This is grounded in the fact that founders often possess abnormal levels of knowledge and passion about the customer as well as the industry. Furthermore, their substantial ownership stakes act as an additional layer of motivation to drive the business to success.

In the case of Vine, two of its founding members (Kroll and Hofmann) left within a year after the launch. Yusupov, who never led the firm as general manager, was even let go as part of a wider restructuring effort at parent company Twitter.

Apart from its founders, Vine also experienced higher levels of turnover among other key roles. One potential reason could be that the company had already been sold, thus not being able to provide early employees with the necessary equity to keep them around.

Twitter Itself

Last but not least, Vine also had to shut down due to various ongoing issues at Twitter, the company it was acquired by in October 2012.

Back then, Twitter had struggled with meeting investor expectations. The firm was consistently missing earnings expectations, resulting in their lowest-ever stock price.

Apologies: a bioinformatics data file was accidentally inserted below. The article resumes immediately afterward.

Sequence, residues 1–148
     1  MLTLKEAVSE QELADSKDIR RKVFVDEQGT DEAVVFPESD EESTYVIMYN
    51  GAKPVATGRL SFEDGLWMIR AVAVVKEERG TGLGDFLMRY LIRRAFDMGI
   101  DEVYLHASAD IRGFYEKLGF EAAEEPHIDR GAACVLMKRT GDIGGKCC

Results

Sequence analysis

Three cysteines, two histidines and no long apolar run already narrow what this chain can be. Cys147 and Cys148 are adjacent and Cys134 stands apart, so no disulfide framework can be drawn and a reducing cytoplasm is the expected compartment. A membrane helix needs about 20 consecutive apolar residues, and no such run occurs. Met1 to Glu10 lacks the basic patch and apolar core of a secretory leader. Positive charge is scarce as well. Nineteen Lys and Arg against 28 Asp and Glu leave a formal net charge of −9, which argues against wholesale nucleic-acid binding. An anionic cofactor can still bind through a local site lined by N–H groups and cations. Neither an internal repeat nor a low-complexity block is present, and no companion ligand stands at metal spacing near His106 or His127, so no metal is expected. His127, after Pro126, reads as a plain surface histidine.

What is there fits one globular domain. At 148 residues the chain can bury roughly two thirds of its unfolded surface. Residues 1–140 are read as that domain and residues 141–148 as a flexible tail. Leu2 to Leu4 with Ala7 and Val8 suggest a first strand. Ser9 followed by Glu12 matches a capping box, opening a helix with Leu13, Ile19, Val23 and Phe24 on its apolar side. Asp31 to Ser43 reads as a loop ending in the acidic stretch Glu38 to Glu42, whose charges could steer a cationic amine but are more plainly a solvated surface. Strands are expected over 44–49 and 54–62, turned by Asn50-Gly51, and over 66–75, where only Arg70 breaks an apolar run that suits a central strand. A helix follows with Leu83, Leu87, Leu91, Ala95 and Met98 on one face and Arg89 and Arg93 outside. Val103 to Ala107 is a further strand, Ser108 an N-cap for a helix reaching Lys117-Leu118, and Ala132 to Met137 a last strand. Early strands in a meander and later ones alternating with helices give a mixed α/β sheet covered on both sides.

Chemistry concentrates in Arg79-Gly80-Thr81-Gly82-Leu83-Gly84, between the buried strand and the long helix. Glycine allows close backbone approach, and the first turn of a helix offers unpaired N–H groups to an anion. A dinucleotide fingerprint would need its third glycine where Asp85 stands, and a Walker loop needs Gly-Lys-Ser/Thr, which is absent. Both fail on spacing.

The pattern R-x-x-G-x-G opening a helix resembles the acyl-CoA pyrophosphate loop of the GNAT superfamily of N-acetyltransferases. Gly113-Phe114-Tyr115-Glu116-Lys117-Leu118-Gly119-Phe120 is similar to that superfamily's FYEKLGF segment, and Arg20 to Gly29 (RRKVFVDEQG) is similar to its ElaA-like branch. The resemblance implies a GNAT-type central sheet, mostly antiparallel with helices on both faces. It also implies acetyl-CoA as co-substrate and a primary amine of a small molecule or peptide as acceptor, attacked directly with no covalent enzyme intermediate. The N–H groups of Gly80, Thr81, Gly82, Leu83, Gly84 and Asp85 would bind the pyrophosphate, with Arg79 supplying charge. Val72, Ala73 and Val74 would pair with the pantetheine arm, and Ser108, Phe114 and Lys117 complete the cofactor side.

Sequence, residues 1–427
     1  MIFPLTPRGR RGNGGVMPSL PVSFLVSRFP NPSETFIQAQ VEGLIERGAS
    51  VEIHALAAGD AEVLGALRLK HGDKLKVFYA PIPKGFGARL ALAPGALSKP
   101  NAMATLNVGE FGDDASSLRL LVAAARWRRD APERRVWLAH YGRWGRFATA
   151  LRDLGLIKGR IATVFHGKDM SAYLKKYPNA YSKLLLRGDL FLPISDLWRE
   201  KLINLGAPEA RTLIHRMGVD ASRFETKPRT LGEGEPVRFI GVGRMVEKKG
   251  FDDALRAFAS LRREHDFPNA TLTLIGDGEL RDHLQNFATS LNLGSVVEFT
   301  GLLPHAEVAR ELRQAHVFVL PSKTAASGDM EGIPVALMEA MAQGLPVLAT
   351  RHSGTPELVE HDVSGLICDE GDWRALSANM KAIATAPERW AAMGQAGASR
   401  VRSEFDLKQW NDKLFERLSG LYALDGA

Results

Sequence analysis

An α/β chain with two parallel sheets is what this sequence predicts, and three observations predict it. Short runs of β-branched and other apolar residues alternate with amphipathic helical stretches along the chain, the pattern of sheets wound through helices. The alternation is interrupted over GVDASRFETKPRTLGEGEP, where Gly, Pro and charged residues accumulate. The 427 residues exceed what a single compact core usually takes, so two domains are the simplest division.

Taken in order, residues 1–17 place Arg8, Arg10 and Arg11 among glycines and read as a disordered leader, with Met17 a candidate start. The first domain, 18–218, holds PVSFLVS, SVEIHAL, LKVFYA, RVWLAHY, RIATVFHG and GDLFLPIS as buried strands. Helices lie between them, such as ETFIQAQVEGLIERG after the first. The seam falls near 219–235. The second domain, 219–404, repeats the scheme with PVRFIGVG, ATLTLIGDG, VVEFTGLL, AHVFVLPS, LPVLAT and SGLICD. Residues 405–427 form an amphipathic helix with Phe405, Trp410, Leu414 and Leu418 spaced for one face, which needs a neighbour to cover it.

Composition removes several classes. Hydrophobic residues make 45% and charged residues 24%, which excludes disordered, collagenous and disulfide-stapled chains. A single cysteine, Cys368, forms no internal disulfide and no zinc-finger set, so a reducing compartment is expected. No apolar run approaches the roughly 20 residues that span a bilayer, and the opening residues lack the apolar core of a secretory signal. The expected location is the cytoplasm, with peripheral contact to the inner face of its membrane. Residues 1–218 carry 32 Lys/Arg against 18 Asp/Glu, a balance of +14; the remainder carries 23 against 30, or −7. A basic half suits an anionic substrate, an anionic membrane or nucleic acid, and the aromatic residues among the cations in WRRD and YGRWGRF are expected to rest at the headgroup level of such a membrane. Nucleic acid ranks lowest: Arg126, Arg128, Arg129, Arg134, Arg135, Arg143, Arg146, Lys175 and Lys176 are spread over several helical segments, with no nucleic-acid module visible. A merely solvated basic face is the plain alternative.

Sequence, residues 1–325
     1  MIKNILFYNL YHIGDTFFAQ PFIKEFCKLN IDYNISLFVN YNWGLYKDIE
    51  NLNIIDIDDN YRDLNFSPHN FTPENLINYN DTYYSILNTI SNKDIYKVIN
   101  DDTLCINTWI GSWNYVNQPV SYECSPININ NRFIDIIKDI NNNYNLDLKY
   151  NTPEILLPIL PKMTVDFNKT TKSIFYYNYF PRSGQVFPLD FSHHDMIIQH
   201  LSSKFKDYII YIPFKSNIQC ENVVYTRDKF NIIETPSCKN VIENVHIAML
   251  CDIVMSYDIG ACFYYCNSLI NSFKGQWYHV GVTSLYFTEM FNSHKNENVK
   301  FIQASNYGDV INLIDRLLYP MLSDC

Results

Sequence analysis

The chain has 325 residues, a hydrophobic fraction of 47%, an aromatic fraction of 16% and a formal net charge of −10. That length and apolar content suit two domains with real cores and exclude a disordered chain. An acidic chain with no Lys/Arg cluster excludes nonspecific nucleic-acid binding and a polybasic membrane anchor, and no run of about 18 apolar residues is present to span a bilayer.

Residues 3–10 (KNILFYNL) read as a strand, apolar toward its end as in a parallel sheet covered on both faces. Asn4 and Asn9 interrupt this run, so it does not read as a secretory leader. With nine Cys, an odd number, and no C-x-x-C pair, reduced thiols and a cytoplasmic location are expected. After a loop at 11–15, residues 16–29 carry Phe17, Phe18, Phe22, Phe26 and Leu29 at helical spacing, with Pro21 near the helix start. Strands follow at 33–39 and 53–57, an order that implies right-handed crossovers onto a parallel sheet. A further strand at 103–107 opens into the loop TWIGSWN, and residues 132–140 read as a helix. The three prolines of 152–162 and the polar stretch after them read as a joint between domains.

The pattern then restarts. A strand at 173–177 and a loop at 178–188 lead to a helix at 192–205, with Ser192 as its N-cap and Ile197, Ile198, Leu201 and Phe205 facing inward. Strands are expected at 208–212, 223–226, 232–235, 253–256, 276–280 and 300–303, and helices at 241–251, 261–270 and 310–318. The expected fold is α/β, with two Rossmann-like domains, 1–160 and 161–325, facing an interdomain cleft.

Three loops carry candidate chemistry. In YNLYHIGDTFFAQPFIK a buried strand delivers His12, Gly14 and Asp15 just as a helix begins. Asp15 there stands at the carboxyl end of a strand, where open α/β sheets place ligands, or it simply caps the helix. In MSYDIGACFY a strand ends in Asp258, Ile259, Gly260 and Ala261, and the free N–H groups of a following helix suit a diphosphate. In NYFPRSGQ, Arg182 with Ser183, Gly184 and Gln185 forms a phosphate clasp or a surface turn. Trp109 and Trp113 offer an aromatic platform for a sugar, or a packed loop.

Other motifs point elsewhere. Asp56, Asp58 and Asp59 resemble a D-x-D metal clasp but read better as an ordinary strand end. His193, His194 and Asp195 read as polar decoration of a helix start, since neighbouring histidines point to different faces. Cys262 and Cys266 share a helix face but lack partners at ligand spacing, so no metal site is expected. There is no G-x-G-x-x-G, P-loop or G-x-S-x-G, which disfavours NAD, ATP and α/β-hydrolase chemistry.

As a result, CEO Dick Costolo resigned in July 2015, ultimately being replaced by co-founder Jack Dorsey.

Under Dorsey’s leadership, Twitter had to lay off a significant amount of its workforce (including Vine co-founder Yusupov) while also contemplating a sale. Ev Williams, one of Twitter’s co-founders (and the founder and CEO of publishing platform Medium), even publicly pushed Dorsey to force a sale.

Vine, in all likeliness, was also shut down because Twitter could not afford to invest the necessary monetary resources to keep it going.

Who Owns Vine?

Vine was (and technically still is) wholly owned by Twitter. The San-Francisco-based social media giant acquired Vine back in October 2012 for $30 million.

As part of the deal, the founders were mostly compensated in Twitter shares. They likely cashed those out when Twitter went public in November 2013.

Hi folks, Viktor checking in! Years of experience in various tech-related roles have led me to start this blog, which I hope provides you with as much enjoyment to read as I have writing the content.